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Folate and vitamin B12 status: associations with maternal glucose and neonatal DNA methylation sites related to dysglycaemia, in pregnant women with obesity

Research output: Contribution to journalArticlepeer-review

UPBEAT Consortium

Original languageEnglish
Pages (from-to)1-9
Number of pages9
JournalJournal of Developmental Origins of Health and Disease
E-pub ahead of print11 May 2021

Bibliographical note

Funding Information: We thank the Pedigree and Population Resource of Huntsman Cancer Institute, University of Utah (funded in part by the Huntsman Cancer Foundation) for its role in the ongoing collection, maintenance and support of the Utah Population Database (UPDB). We also acknowledge partial support for the UPDB through grant P30 CA2014 from the National Cancer Institute , University of Utah and from the University of Utah 's program in Personalized Health and Center for Clinical and Translational Science . Publisher Copyright: © The Author(s), 2021. Published by Cambridge University Press in association with International Society for Developmental Origins of Health and Disease. Copyright: Copyright 2021 Elsevier B.V., All rights reserved.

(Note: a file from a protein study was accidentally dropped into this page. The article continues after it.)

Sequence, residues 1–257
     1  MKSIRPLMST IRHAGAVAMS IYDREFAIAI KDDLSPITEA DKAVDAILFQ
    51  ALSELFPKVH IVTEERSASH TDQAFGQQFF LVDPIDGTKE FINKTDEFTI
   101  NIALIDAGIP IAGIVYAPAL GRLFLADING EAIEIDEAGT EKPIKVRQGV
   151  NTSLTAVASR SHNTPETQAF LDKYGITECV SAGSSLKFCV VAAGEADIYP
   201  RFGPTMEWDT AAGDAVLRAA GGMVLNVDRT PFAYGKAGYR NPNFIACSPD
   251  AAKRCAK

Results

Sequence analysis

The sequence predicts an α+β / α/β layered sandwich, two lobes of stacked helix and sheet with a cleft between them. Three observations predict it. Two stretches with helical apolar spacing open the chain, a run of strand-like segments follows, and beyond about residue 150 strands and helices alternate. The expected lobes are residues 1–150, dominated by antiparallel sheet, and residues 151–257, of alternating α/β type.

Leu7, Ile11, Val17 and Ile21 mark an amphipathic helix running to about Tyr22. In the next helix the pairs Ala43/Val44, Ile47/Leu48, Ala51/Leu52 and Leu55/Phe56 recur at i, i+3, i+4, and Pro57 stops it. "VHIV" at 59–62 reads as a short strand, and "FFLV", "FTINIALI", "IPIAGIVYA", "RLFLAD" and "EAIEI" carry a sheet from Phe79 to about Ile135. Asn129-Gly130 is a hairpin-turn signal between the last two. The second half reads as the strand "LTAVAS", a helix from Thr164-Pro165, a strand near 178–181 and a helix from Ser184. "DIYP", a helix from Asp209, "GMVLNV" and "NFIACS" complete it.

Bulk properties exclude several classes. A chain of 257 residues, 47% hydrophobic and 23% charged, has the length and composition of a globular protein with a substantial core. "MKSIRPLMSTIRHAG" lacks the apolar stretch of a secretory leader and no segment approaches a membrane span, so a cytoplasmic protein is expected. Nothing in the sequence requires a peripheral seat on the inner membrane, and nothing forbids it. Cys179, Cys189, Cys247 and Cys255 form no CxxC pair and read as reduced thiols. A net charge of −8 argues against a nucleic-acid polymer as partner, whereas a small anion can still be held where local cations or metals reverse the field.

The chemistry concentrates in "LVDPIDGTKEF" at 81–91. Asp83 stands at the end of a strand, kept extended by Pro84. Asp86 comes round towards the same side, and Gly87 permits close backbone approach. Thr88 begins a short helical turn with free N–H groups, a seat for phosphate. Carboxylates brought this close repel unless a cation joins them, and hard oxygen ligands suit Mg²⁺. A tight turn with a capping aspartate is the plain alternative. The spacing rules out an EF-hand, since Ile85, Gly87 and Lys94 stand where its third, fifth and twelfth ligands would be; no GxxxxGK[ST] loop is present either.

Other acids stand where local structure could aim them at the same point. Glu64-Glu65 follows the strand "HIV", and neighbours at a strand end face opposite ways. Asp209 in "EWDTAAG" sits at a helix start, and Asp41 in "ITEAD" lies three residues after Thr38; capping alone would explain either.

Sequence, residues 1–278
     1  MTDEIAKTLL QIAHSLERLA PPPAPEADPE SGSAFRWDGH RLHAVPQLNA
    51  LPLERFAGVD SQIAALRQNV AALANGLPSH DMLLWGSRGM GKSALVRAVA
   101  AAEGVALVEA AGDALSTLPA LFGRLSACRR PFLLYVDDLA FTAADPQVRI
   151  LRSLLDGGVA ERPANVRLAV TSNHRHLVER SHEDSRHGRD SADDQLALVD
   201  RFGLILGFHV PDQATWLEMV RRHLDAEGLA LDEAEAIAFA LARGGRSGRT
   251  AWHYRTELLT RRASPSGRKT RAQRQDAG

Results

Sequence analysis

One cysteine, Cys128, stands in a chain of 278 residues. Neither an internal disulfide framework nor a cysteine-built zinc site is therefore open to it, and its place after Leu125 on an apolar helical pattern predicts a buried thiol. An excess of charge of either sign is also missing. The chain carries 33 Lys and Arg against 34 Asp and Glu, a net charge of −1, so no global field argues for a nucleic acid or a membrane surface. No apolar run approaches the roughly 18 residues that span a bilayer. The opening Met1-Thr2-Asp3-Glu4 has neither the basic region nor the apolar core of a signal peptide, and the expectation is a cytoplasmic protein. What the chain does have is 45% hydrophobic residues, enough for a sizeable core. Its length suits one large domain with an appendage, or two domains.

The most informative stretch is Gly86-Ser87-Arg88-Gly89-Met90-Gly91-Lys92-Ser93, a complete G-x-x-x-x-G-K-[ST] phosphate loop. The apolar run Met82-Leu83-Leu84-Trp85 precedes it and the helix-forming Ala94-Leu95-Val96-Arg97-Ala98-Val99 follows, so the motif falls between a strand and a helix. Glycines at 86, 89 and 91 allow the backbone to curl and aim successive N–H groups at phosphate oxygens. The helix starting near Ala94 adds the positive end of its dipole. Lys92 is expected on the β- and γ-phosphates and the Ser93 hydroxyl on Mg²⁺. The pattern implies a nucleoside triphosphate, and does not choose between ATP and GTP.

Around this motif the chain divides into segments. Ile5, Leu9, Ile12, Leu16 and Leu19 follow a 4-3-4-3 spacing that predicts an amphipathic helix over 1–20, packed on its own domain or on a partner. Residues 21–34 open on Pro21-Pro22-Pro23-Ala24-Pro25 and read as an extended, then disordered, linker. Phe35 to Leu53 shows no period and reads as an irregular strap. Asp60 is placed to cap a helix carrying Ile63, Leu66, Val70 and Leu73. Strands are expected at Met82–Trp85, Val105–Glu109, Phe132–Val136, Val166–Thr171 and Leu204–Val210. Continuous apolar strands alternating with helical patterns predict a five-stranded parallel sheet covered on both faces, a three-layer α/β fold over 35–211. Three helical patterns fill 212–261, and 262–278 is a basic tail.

King's Authors


Recent studies implicate maternal gestational diabetes mellitus (GDM) in differential methylation of infant DNA. Folate and vitamin B12 play a role in DNA methylation, and these vitamins may also influence GDM risk. The aims of this study were to determine folate and vitamin B12 status in obese pregnant women and investigate associations between folate and vitamin B12 status, maternal dysglycaemia and neonatal DNA methylation at cytosine-phosphate-guanine sites previously observed to be associated with dysglycaemia. Obese pregnant women who participated in the UK Pregnancies Better Eating and Activity Trial were included. Serum folate and vitamin B12 were measured at the oral glucose tolerance test (OGTT) visit. Cord blood DNA methylation was assessed using the Infinium MethylationEPIC BeadChip. Regression models with adjustment for confounders were used to examine associations. Of the 951 women included, 356 (37.4%) were vitamin B12 deficient, and 44 (4.6%) were folate deficient. Two-hundred and seventy-one women (28%) developed GDM. Folate and vitamin B12 concentrations were not associated with neonatal DNA methylation. Higher folate was positively associated with 1-h plasma glucose after OGTT (β = 0.031, 95% CI 0.001-0.061, p = 0.045). There was no relationship between vitamin B12 and glucose concentrations post OGTT or between folate or vitamin B12 and GDM. In summary, we found no evidence to link folate and vitamin B12 status with the differential methylation of neonatal DNA previously observed in association with dysglycaemia. We add to the evidence that folate status may be related to maternal glucose homoeostasis although replication in other maternal cohorts is required for validation.

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